Are Conspiracies Always Implausible?
By David Henderson
Bryan, in posting on Arnold’s view of what Ben Bernanke is doing, wrote:
Arnold’s story fits the facts, but it just seems too conspiratorial.
Yet Arnold didn’t even hint at the idea of conspiracy. Instead, he was talking about Bernanke’s motives. The word “conspiracy” has a number of meanings, but all involve two or more people getting together to carry out an act.
We are all used to politicians lying about their motives. Their motive might be to help a particular group, to feather their own nest, or to screw an opponent. Politicians can lie about all these things and yet not conspire with anyone. Now what if two politicians get together to carry out an act and both lie about their motives. Has that ever happened? I guess you could call it a conspiracy. But if that’s all the word “conspiracy” means, then why do so many people look at you strange when you claim that two or more people are engaged in a conspiracy?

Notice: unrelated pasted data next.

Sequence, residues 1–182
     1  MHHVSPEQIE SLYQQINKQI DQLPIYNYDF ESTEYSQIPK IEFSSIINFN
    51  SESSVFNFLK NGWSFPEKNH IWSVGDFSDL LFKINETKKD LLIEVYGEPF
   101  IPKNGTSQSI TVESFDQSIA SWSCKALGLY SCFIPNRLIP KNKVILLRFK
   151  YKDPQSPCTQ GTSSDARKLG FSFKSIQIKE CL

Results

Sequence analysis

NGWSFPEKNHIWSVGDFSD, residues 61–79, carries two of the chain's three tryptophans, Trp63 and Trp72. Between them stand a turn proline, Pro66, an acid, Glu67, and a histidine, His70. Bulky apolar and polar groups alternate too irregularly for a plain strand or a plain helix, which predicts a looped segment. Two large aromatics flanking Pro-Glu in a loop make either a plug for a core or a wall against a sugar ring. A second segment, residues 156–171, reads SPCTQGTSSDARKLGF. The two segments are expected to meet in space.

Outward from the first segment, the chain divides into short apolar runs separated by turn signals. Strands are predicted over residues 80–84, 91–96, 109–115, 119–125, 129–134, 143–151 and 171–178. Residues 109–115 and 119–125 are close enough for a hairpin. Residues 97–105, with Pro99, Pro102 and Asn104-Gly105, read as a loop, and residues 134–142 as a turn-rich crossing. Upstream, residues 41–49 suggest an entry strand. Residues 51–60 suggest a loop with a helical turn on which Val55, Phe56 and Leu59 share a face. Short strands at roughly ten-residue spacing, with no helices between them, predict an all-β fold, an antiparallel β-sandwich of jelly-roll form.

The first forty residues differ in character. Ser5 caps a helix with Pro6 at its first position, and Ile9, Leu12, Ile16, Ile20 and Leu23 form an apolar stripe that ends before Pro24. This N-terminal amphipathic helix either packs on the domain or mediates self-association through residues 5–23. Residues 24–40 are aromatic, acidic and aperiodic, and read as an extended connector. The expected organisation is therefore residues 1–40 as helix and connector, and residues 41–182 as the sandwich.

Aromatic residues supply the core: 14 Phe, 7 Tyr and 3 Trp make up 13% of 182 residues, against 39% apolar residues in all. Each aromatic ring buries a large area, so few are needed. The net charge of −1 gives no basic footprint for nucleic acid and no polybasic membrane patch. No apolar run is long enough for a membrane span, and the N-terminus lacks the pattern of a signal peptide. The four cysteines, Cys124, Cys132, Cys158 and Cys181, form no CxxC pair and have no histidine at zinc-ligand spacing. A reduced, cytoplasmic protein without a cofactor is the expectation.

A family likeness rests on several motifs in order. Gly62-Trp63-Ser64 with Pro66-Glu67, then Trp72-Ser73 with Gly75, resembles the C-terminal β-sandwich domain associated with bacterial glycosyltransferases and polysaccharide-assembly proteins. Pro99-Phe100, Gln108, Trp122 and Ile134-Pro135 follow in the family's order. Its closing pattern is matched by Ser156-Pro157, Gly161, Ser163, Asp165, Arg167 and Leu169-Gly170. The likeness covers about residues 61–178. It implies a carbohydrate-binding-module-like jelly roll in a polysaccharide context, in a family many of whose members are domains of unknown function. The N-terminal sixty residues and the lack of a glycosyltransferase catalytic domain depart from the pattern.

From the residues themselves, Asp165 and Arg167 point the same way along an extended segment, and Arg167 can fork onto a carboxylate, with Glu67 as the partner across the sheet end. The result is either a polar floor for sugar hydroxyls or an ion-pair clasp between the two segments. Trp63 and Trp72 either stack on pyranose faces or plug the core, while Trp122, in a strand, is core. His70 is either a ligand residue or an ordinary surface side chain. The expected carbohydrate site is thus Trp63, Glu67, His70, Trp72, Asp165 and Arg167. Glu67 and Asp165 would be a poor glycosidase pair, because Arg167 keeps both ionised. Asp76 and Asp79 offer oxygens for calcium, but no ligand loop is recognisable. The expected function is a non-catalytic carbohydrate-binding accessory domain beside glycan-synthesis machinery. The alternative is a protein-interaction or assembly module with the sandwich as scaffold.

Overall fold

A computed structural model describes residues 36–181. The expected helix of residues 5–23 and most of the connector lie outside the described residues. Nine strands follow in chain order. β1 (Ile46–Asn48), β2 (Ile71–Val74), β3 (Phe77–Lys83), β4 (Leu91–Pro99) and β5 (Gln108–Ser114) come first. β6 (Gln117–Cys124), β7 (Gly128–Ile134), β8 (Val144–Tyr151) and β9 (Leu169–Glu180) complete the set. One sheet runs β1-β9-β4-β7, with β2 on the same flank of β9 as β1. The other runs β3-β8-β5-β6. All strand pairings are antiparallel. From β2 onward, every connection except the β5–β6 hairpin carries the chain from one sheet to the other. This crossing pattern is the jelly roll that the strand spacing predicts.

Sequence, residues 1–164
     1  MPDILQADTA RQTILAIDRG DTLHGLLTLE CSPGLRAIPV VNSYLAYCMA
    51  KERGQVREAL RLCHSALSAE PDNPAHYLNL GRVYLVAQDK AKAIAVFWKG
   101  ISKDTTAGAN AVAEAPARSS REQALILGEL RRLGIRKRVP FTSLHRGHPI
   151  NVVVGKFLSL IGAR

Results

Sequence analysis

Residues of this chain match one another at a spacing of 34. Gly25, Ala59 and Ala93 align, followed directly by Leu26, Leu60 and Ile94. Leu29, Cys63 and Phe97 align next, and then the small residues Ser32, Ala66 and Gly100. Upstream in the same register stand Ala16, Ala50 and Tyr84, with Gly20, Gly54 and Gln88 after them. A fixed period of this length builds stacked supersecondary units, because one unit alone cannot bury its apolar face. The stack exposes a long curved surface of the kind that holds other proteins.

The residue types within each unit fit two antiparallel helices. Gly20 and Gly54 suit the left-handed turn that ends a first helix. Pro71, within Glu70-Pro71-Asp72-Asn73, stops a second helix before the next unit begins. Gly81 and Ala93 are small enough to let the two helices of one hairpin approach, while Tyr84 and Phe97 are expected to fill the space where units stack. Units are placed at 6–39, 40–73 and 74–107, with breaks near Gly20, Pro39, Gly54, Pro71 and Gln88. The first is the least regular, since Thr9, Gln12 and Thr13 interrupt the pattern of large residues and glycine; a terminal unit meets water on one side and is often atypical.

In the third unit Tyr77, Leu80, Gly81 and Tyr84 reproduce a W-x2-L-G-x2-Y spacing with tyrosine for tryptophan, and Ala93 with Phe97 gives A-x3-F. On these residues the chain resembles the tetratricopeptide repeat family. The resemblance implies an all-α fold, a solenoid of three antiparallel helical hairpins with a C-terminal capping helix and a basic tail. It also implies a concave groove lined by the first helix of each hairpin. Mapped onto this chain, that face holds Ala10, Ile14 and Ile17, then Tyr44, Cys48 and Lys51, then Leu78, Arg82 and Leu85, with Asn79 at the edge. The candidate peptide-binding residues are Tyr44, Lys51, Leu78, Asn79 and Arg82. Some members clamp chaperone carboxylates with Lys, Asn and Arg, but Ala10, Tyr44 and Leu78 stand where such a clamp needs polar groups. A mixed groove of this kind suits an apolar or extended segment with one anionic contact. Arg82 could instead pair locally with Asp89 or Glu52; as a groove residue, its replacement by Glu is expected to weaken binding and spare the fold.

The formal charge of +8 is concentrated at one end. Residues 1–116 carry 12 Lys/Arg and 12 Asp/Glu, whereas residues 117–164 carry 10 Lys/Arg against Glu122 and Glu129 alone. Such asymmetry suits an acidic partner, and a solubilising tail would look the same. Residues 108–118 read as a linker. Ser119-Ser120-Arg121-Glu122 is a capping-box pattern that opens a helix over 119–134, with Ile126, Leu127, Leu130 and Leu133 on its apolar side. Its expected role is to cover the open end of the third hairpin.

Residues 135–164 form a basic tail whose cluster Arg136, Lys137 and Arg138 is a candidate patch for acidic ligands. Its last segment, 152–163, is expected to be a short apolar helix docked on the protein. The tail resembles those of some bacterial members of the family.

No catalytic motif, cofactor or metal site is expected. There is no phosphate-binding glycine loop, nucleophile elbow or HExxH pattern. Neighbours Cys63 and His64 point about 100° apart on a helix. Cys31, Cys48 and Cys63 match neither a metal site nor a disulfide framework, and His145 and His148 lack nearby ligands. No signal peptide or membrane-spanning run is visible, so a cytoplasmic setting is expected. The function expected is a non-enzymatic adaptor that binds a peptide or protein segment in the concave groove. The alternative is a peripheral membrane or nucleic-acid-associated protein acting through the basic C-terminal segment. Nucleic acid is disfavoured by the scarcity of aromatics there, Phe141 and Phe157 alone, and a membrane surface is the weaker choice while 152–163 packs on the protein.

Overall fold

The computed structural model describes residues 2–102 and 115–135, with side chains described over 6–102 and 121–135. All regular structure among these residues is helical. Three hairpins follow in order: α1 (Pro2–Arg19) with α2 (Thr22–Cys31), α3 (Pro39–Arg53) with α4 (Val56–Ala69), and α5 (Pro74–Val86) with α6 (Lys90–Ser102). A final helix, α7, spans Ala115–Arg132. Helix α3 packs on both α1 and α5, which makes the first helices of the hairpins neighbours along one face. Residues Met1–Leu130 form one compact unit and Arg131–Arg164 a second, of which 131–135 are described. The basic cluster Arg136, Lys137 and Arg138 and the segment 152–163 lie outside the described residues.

As the late British libertarian, Chris Tame, put it, “I’m not interested in conspiracy theories; I’m interested in conspiracy facts.”